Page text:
Journal List > Korean J Pediatr Gastroenterol Nutr > v.3(1) > 1110518

Korean J Pediatr Gastroenterol Nutr. 2000 Mar;3(1):30-40. Korean.
Published online Mar 31, 2000.
Copyright © 2000 The Korean Society of Pediatric Gastroenterology, Hepatology and Nutrition
The Three Types of Clinical Manifestation of Cow's Milk Allergy with Predominantly Intestinal Symptoms
Jeong Jin Lee, Eun joo Lee, Hyun Hee Kim, Eunjin Choi, Jin Bok Hwang, Chang Ho Han, Hai Lee Chung, Young Dae Kwon and Yong Jin Kim1
Department of Pediatrics, Cathlic University of Taegu-Hyosung School of Medicine, Korea.
1Department of Pathology, Yeungnam University college of Medicine, Taegu, Korea.


During the first year of life, cow's milk protein is the major offender causing food allergy. Cow's milk allergy (CMA) affects 2~7% of infants, of which approximately one-half show predominantly gastrointestinal symptoms. We studied the clinical types of cow's milk allergy with predominantly gastrointestinal symptoms (CMA-GI) of childhood.


The retrospective study was performed on 30 (male 22, female 8) patients who had diagnosed as CMA-GI during 2 years and 3 months from March 1995 to June 1997.


1) Children with CMA-GI presented in the three types of clinical manifestation on the basis of time to reaction to milk ingestion: Quick (Q) onset (5 cases), Slow (S) onset (20 cases), Quick & Slow (Q&S) (5 cases). 2) Age on admission of the three groups was significantly different (p<0.05): (Q onset: 81.4±67.1 days, S onset: 31.9±12.7 days, Q&S: 366.0±65.0 days). Although the body weight at birth was 10~95 percentile in all patients, body weight on admission was different: (Q onset: 10~50 percentile, S onset: below 10 percentile, Q&S: 10~25 percentile). S onset group was significantly different compared with other groups (p<0.05) and 90% of this one was failure to thrive below 3 percentile. 3) Peripheral leukocyte counts were as followings: (Q onset: 5,700~12,300/mm(3), S onset: 10,000~33,400/mm(3), Q&S 5,200~14,900/mm(3)). Slow onset group was significantly different compared with other groups (p<0.05). Serum albumin levels on admission were as followings: (Q onset: 4.2±0.4g/dl, S onset: 3.0± 0.3g/dl, Q&S: 4.0±0.3g/dl). S onset froup was significantly different compared with other groups(p<0.05) and 85% of this one was below 3.5g/dl. 4) Although morphometrical analysis on small intestinal mucosa did not show enteropathy in Q onset and Q&S groups, all cases of S onset revealed enteropathy: 45% of this one showed subtotal villous atrophy, 55% showed partial villous atrophy. 5) Allergic reaction test to other foods was not performed in S onset group because of ethical problem and high risk in general condition. In Q onset group, allergic reaction to one or two other foods: soy formula, weaning formula and eggs. Q&S group revealed allergic reactions to several foods or to most of all foods except protein hydrolysate formula: eggs, potatos, some kinds of sea food, apples, carrots, beef and chicken. 6) Serum IgE level, peripheral eosinophil counts, milk RAST, soy RAST, skin test were not significantly different among groups.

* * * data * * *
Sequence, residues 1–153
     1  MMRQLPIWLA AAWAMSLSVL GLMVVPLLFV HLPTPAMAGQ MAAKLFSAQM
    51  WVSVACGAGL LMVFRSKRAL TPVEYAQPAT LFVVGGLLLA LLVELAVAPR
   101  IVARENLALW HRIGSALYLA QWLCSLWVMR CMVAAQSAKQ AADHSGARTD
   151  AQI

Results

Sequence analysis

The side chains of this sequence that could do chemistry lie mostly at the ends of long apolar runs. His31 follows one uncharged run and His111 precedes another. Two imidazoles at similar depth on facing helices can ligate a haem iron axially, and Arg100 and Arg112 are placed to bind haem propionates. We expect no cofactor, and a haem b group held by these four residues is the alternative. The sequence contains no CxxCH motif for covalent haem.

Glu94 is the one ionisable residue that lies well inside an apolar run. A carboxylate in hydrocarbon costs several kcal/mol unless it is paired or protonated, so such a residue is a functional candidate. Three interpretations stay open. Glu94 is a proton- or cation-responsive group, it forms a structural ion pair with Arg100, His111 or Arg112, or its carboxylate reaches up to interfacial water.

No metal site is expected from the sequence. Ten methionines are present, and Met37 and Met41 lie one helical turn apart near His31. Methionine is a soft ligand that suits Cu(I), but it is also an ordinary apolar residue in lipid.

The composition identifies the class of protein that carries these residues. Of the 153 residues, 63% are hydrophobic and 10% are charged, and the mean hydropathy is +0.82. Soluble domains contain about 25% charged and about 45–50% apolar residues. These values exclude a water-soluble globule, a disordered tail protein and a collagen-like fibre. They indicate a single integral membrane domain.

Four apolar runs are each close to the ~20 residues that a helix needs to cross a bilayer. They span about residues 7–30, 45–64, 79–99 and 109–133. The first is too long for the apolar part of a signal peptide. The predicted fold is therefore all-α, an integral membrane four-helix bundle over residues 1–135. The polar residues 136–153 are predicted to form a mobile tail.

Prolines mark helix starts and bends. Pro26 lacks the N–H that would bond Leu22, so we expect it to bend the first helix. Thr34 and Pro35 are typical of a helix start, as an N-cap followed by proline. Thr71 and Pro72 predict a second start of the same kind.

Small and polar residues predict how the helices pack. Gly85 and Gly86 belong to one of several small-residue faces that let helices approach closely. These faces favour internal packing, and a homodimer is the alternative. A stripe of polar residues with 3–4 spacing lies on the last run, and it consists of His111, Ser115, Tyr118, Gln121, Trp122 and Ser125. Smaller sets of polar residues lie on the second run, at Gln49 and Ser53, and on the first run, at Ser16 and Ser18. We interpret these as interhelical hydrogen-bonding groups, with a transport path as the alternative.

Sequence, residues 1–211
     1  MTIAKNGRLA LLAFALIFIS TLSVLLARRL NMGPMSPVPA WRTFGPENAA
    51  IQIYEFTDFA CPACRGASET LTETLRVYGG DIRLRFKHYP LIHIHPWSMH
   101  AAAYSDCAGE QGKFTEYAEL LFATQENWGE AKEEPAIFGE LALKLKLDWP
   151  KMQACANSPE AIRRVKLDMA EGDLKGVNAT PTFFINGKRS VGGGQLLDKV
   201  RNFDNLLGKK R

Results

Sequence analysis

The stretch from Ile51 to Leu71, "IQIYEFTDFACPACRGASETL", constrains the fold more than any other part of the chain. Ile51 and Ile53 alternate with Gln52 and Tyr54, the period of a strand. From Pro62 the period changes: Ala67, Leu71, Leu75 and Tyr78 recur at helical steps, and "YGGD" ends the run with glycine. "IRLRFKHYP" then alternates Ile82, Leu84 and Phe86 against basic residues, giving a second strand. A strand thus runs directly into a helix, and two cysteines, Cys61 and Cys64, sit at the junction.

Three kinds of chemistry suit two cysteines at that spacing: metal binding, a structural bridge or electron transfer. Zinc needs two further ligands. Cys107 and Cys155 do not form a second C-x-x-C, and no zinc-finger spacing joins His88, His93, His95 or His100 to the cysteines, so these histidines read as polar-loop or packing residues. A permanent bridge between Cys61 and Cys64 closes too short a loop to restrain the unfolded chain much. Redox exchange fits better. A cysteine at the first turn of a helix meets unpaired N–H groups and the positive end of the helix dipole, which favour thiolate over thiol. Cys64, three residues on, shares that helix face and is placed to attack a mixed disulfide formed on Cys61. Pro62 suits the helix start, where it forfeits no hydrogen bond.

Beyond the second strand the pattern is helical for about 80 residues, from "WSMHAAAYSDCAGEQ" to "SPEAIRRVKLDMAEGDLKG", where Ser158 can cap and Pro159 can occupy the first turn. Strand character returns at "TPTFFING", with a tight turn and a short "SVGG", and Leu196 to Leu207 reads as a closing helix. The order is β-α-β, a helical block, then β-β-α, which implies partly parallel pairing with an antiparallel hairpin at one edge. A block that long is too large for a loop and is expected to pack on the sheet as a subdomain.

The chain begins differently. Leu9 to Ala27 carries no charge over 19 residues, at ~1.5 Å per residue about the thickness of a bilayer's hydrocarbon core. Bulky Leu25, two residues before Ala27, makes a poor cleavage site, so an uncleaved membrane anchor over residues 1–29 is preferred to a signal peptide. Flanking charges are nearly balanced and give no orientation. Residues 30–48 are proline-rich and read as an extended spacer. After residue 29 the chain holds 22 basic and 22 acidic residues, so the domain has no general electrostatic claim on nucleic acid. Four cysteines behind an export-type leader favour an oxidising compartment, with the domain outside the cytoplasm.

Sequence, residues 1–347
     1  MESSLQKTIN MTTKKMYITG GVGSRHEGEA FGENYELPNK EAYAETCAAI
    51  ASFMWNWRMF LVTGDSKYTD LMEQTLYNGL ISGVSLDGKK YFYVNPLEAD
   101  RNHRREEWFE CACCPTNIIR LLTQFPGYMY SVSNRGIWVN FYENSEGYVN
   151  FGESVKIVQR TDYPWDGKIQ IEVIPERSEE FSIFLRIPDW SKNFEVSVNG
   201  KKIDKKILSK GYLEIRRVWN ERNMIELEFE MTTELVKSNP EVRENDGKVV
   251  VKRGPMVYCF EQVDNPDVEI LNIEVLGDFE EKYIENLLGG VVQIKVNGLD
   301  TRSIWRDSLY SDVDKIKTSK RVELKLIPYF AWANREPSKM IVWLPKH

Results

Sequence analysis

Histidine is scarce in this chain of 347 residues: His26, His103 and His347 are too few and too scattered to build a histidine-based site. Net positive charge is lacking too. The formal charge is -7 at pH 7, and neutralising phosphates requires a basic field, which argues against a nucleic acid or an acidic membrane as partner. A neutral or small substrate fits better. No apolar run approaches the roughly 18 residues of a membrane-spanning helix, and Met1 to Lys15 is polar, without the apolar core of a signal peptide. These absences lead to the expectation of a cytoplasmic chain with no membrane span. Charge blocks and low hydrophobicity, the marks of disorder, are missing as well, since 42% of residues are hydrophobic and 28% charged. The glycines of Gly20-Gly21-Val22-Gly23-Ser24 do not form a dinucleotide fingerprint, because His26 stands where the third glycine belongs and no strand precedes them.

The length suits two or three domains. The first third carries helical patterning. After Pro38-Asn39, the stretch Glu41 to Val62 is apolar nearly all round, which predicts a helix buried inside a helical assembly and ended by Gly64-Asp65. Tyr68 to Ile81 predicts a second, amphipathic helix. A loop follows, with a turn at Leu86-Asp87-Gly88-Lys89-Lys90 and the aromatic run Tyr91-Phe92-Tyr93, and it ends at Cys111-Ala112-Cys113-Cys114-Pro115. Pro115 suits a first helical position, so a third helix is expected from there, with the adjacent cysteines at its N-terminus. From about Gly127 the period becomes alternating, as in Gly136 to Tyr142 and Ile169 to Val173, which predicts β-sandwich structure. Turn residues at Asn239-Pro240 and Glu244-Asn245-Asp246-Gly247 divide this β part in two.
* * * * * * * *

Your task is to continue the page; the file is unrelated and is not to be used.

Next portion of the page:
CMA-GI may present in three clinical ways on the basis of time to reaction to milk ingestion, typical clinical findings and morphologic changes in the small bowel mucosal biopsy specimens. This clinical subdivision might be helpful in diagnostic and therapeutic approaches in CMA-GI. Early suspicion is mandatory especially in S onset type because of high risks with malnutrition and enteropathy.

Keywords: Cow's milk allergy; Intestinal; Clinical manifestation